Originally published in Trends Journal, October 2013
We’ve always had social media. Sitting around a campfire telling stories is fundamentally social, with the air around our heads being the medium, populated by human voices. Sixteenth Century denizens of Florence and Rome were known to tie notes to sculptures expressing their approval or criticism in what were, perhaps, some of the earliest bulletin boards. Even the paintings found in the bowels of Lascaux appear to have been the products of gatherings, not the efforts of lone individuals.
The British psychologist Robin Dunbar suggested that chatter, gossip, and even conversation are human extensions of social grooming. All mammals engage is social grooming of some form – licking, picking nits, smoothing the furrowed brows on one another’s forehead. It’s interesting to note that social grooming has been associated with an increase of the neurotransmitter dopamine – the chemical associated with a feeling of well-being, and one known to be increased not only in social grooming, but in gambling, sex, and even in the use of social media. It’s often associated with addictive behaviors.
The addictiveness of social media is a noted facet of the technologies that have emerged in the past decade. There are behaviors that, if not born in social media, certainly have become more ubiquitous. Social platforms encourage curation, sharing, micro-gifting, and even game behaviors. The very fact that people can connect more often with a broader network of others allows these new behaviors to happen in a way that could not in the absence of such networks.
If you simply look at all of the social media platforms, you can easily be overwhelmed by all of the features that are being introduced. The rate of innovation is incredibly fast. Instead, you can look at the platforms in terms of their design patterns. The idea of design patterns originated in architecture and urban planning, and was then used extensively in software design. For instance, the typical ecommerce checkout page follows a pattern that most of us find completely familiar. One of the success factors of Facebook was the ease in which it allow its users to create photo albums, a design pattern that Facebook helped create. Pinterest has extended that pattern, and allows for an even richer experience in saving and sharing images. Other social interactions are more commonplace, and almost universal across social platforms, like the act of signifying approval of something. These “likes,” “plusses,” and “favorites” can be seen as micro-gifts; after all, the recipient frequently says, “thank you.”
It’s not surprising that Google in creating Google Plus has made the move to have a social platform that competes with Facebook. With each keystroke, users of social media are freely adding data to some of the largest databases ever created. The owner of that data will have the capacity to predict consumer behavior in ways that have, in the absence of that data, been unimaginable. Furthermore, both Facebook and Google have designed systems in which data from applications outside of their platforms are also adding data. For instance, when a Facebook user plays a song on Spotify or watches a movie on Netflix, that information flows into the Facebook data collection.
While the US has been behind in the adoption of mobile and smartphone technology, it’s quickly catching up. Wearable devices, such as Google Glass and smart watches, are only beginning to become commonplace, and are predicted to proliferate as the cost of MEMS sensors continues to decrease. Google’s emphasis on the development of wearable devices and social media is prescient: they’re creating an always-connected device recording every motion feeding a database of human interactions.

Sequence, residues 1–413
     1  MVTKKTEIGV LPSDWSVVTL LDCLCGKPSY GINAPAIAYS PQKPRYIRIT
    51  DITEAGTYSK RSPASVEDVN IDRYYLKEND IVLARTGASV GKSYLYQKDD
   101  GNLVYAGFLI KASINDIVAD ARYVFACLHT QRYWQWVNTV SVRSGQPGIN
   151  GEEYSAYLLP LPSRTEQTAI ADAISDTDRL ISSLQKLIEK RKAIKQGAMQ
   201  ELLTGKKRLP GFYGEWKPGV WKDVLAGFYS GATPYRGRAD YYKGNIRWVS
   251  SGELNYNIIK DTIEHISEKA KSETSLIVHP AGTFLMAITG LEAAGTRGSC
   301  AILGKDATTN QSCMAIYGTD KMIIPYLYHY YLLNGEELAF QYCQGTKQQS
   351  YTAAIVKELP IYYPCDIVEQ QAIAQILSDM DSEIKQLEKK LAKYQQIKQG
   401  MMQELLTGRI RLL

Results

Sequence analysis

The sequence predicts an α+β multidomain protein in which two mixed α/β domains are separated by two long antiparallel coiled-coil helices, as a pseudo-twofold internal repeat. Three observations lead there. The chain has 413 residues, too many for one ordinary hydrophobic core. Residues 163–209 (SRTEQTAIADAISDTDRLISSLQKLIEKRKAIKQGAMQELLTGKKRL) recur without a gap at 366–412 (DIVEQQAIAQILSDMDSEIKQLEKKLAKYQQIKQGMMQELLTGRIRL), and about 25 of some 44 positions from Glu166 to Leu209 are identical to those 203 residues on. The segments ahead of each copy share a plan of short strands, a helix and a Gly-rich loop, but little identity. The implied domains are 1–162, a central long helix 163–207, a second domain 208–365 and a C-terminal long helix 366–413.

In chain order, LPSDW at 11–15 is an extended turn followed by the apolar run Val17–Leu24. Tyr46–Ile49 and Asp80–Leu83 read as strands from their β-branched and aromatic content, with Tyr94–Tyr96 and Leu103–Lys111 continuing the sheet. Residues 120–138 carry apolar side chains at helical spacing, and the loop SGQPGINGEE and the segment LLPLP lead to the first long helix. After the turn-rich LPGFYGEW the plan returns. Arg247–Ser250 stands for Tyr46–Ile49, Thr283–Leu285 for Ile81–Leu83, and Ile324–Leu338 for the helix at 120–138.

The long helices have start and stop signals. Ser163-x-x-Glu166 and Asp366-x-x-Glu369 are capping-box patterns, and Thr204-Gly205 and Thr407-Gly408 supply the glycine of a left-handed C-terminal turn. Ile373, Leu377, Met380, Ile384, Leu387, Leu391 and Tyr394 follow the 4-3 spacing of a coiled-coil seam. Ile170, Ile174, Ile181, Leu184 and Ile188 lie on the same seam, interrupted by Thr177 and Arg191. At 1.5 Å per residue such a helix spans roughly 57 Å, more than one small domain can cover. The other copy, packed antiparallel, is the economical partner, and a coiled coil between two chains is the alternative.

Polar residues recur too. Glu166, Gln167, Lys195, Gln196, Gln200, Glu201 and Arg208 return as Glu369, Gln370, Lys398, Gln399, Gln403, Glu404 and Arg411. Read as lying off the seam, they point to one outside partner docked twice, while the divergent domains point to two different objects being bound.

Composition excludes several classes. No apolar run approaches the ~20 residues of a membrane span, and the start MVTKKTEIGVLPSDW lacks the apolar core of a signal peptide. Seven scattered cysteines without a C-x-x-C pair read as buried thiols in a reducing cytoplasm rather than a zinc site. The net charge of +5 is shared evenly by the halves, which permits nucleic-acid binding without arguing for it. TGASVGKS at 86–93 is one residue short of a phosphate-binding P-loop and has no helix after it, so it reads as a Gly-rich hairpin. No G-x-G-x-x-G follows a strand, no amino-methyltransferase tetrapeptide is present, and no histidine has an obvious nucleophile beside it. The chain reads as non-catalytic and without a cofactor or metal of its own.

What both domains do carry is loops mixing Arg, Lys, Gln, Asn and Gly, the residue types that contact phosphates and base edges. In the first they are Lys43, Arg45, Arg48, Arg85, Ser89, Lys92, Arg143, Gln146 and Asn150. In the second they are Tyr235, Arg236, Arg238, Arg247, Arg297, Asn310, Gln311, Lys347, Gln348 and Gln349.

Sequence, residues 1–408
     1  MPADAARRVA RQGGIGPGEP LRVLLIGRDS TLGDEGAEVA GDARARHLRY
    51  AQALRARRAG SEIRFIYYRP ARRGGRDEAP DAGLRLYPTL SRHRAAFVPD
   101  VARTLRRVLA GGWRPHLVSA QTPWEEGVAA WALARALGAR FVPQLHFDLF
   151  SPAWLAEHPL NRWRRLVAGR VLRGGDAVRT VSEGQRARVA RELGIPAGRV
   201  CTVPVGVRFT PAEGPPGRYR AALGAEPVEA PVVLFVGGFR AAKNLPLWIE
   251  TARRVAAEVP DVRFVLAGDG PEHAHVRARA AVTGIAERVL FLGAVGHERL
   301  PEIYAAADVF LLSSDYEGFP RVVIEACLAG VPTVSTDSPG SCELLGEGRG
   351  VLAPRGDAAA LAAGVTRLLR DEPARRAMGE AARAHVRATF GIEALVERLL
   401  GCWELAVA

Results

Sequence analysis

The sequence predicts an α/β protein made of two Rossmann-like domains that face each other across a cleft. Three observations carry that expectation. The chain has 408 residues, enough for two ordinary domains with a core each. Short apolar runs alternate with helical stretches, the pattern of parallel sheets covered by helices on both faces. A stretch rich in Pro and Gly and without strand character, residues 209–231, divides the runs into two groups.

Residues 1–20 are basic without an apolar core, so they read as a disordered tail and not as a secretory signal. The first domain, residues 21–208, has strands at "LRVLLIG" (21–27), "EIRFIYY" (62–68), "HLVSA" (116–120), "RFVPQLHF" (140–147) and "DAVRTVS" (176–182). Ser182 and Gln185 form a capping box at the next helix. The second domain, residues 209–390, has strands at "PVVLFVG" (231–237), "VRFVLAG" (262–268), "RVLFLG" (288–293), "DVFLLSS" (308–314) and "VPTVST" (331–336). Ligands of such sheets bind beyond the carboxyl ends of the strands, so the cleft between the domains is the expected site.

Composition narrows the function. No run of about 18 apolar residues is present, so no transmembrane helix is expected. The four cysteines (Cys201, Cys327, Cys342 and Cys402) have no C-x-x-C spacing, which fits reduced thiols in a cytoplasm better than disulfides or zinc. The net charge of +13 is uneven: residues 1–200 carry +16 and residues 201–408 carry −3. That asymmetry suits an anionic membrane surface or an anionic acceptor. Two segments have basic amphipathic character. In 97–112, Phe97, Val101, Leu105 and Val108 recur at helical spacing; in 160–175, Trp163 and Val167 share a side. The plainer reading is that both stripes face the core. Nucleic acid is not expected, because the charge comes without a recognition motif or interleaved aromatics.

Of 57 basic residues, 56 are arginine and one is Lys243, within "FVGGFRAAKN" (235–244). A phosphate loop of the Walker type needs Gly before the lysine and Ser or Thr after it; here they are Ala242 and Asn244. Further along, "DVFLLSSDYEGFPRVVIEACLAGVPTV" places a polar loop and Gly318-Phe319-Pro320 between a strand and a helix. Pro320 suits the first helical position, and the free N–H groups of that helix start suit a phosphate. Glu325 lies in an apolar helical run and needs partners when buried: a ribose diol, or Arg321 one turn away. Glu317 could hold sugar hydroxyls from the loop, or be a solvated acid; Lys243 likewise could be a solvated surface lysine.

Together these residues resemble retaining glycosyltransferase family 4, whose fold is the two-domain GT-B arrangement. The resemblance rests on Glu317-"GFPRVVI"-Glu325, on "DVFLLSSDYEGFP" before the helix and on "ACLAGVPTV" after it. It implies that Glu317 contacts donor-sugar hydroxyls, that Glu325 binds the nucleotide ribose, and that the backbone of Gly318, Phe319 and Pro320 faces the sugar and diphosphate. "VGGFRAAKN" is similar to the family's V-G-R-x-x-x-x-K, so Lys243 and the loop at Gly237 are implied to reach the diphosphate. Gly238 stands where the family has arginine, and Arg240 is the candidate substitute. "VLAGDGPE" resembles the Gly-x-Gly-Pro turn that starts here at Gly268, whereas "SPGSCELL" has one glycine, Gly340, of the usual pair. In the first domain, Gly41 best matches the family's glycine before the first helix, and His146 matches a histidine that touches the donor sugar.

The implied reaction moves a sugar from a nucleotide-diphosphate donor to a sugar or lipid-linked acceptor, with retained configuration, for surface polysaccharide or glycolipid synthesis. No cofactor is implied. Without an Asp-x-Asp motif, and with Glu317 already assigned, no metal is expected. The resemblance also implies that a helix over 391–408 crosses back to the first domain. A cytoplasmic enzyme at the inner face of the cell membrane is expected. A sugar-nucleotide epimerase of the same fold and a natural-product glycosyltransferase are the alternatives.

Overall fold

While the battle between social data ubiquity between Google and Facebook may seem like the giant final battle scene in the Lord of the Rings, they are not the only players. LinkedIn, the oldest of the major social platforms, has been undergoing dramatic overhauls of their system, creating a social eco-system that ties in with the way people conduct business. In younger aged populations, platforms like Tumblr, a platform recently acquired by Yahoo! and Instagram are becoming more popular than Facebook.
The adoption rate of Internet and social media usage has recently slowed, with overall US use of social media by internet users around 70%. The so-called Millennials and the following generation, however, were born into these technologies, and their usage rate is closer to 90% [http://pewinternet.org/Commentary/2012/March/Pew-Internet-Social-Networking-full-detail.aspx]. The increase of smart phones and wearable devices will bring those numbers up even higher. We are approaching a time when less than 10% of the population is not using social media in some form or another.
In marketing, smart companies are eschewing traditional norms of advertising, and embracing passion or purpose-centered communication plans. New approaches are based on storytelling, participatory media, and transmedia, and less about self-promotion. In the era of social media, audiences or customers aren’t interested in anything that can be perceived as salesmanship, thus companies are having to scramble to become creators of original and valuable content: brands are becoming publishers.
Social media and the Internet technologies that have enabled them constitute the largest disruptions to business communications since the invention of the Gutenberg press. These new technologies are bringing with them whole new approaches to the creation of value, and completely transforming the relationship of the creators of goods and services with those who consume them.